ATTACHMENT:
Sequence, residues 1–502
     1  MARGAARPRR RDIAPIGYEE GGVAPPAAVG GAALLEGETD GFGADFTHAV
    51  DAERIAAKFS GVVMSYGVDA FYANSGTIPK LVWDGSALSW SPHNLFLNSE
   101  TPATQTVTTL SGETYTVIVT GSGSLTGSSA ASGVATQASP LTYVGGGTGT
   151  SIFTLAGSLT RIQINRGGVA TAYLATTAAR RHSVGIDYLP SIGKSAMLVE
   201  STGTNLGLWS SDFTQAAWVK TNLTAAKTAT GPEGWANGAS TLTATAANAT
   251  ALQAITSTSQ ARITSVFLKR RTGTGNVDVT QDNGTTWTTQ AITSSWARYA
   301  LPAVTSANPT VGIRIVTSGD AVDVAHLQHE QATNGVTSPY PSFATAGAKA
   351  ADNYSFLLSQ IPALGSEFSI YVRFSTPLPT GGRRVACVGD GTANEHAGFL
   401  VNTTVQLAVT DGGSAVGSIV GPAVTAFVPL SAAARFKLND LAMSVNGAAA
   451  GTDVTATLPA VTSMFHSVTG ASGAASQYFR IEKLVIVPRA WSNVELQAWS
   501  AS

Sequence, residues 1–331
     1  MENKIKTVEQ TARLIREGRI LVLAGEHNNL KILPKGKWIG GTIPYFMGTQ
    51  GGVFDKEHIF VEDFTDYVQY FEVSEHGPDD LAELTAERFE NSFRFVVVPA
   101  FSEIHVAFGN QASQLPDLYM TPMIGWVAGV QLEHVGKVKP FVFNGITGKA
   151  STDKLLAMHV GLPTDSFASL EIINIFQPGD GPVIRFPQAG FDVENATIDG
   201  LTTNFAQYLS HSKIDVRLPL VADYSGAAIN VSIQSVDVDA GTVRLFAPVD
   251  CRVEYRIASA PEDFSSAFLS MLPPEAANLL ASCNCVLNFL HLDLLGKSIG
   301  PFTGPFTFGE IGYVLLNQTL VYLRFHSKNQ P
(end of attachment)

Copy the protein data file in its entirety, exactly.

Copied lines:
Sequence, residues 1–502
     1  MARGAARPRR RDIAPIGYEE GGVAPPAAVG GAALLEGETD GFGADFTHAV
    51  DAERIAAKFS GVVMSYGVDA FYANSGTIPK LVWDGSALSW SPHNLFLNSE
   101  TPATQTVTTL SGETYTVIVT GSGSLTGSSA ASGVATQASP LTYVGGGTGT
   151  SIFTLAGSLT RIQINRGGVA TAYLATTAAR RHSVGIDYLP SIGKSAMLVE
   201  STGTNLGLWS SDFTQAAWVK TNLTAAKTAT GPEGWANGAS TLTATAANAT
   251  ALQAITSTSQ ARITSVFLKR RTGTGNVDVT QDNGTTWTTQ AITSSWARYA
   301  LPAVTSANPT VGIRIVTSGD AVDVAHLQHE QATNGVTSPY PSFATAGAKA
   351  ADNYSFLLSQ IPALGSEFSI YVRFSTPLPT GGRRVACVGD GTANEHAGFL
   401  VNTTVQLAVT DGGSAVGSIV GPAVTAFVPL SAAARFKLND LAMSVNGAAA
   451  GTDVTATLPA VTSMFHSVTG ASGAASQYFR IEKLVIVPRA WSNVELQAWS
   501  AS

Sequence, residues 1–331
     1  MENKIKTVEQ TARLIREGRI LVLAGEHNNL KILPKGKWIG GTIPYFMGTQ
    51  GGVFDKEHIF VEDFTDYVQY FEVSEHGPDD LAELTAERFE NSFRFVVVPA
   101  FSEIHVAFGN QASQLPDLYM TPMIGWVAGV QLEHVGKVKP FVFNGITGKA
   151  STDKLLAMHV GLPTDSFASL EIINIFQPGD GPVIRFPQAG FDVENATIDG
   201  LTTNFAQYLS HSKIDVRLPL VADYSGAAIN VSIQSVDVDA GTVRLFAPVD
   251  CRVEYRIASA PEDFSSAFLS MLPPEAANLL ASCNCVLNFL HLDLLGKSIG
   301  PFTGPFTFGE IGYVLLNQTL VYLRFHSKNQ P